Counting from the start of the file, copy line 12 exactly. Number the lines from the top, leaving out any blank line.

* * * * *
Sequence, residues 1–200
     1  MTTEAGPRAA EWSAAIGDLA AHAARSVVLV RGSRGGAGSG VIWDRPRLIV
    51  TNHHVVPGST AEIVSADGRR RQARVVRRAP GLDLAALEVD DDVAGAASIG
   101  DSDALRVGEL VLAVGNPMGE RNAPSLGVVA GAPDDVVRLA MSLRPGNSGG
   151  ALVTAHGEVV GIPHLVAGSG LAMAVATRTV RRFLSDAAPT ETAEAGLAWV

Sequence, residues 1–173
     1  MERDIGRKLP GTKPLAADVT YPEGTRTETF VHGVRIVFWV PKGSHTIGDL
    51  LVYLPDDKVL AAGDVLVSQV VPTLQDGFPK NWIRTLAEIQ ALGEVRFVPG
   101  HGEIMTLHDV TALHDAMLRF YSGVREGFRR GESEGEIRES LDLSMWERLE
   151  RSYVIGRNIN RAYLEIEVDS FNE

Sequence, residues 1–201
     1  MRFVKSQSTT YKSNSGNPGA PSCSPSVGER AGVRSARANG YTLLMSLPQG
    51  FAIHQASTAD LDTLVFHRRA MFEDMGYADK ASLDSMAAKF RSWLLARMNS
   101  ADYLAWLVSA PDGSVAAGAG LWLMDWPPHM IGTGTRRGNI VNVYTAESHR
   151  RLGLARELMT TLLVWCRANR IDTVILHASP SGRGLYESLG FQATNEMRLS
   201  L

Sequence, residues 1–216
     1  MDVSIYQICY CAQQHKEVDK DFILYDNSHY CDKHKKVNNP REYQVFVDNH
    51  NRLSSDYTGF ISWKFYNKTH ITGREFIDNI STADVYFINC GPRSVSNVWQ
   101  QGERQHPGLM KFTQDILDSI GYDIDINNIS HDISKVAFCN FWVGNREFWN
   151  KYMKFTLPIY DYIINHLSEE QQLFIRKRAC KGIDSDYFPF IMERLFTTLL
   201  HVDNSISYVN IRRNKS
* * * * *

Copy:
     1  MRFVKSQSTT YKSNSGNPGA PSCSPSVGER AGVRSARANG YTLLMSLPQG